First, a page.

The U.S. urban commercial real estate markets probably will not recover until 2017, the head analyst of commercial mortgages for Deutsche Bank Securities said on Monday.
The froth is still working itself out, Richard Parkus, Deutsche Bank head of Commercial Mortgage-backed Securities and Asset-Backed Securities Synthetics Research said at the Reuters Global Real Estate Summit in New York. We are currently in something which is comparable to what we saw in the 1990s and potentially worse.
U.S. commercial real estate values could fall by more than 50 percent from the peak in 2007, he said.
Although asking rents are down about 28 percent in New York, factoring in free rent and other perks by landlords, rents are down about 50 percent, Parkus said.
Rents will be back to where they were in 2017, Parkus said. Building prices also will take six to eight years to recover, he said.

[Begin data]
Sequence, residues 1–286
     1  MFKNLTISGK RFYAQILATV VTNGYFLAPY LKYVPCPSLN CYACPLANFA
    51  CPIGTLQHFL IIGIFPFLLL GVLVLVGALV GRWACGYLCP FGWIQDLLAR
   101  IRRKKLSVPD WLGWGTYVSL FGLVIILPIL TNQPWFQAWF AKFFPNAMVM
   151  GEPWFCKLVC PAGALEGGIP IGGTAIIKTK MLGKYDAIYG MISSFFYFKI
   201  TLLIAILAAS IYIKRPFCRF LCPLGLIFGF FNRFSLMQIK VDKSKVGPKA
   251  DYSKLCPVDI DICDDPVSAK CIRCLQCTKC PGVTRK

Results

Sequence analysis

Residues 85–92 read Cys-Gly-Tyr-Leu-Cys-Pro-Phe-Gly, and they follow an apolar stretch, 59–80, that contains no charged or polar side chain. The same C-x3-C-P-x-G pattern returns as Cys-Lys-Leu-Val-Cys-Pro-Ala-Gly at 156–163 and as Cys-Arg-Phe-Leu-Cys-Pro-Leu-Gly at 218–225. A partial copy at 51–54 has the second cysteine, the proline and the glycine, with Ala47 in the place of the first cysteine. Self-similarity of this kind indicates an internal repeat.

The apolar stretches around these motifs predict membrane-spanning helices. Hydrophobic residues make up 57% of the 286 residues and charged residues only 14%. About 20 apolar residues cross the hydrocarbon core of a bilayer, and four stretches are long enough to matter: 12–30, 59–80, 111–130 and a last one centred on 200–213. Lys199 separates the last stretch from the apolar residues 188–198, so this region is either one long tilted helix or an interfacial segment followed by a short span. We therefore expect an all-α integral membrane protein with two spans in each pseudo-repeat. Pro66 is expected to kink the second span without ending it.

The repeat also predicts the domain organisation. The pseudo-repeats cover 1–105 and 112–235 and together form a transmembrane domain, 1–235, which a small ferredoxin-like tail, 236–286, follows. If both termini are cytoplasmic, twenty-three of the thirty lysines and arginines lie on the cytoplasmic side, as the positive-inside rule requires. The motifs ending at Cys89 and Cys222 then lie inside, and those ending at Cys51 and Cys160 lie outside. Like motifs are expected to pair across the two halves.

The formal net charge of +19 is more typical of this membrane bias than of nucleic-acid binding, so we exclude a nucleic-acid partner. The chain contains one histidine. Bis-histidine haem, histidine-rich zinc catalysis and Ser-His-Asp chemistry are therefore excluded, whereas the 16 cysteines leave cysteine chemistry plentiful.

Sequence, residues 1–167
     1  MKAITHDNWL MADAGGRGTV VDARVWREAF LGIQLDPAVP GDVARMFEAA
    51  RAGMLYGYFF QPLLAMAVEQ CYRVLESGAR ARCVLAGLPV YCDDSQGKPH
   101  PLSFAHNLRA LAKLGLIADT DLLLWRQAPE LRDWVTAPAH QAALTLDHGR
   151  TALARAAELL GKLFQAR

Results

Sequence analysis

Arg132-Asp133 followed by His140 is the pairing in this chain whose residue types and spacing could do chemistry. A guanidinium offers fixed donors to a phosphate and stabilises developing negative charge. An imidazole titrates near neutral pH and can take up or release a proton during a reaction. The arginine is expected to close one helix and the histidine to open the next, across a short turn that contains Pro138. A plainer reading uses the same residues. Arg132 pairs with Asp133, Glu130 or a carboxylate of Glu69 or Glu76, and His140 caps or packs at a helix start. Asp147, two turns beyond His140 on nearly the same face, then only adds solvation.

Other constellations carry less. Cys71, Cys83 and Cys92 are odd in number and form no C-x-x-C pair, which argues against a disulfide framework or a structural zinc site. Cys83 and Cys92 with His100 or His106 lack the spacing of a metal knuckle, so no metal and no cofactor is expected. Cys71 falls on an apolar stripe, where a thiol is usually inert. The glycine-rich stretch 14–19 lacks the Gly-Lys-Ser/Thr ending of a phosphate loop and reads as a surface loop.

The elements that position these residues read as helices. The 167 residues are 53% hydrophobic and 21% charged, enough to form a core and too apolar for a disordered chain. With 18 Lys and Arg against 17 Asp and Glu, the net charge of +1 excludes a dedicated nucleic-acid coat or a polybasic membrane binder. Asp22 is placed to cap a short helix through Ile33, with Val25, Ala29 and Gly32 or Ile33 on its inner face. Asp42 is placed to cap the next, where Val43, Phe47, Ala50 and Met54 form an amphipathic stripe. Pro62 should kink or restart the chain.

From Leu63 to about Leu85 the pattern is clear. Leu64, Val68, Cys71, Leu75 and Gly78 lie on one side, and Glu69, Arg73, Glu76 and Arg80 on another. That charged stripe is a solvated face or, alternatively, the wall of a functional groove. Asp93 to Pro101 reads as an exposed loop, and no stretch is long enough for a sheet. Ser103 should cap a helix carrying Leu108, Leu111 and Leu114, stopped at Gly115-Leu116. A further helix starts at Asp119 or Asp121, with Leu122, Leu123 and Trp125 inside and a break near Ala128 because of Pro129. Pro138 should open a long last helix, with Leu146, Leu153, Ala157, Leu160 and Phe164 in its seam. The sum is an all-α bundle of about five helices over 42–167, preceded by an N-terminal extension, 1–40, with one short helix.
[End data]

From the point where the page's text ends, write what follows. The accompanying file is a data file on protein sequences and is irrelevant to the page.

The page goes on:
The U.S. commercial markets are deteriorating at an increasing pace as rent dries up and demand plummets. That is leaving borrowers struggling to make their monthly mortgage payments.
The number of new loans that are becoming delinquent each month are defaulting at rates between 5 percent and 8 percent per year, with the most loosely underwritten loans of 2007 defaults at 8 percent per year, Parkus said. That puts accumulated losses at about 4 percent this year, and 12 percent over the next four years.
Loans loses ranged between 7 and 11 percent a year during the commercial real estate crash of the early 1990s.
We are not only not approaching stability, we are at a period of maximum deterioration, Parkus said.
(Reporting by Ilaina Jonas, editing by Matthew Lewis)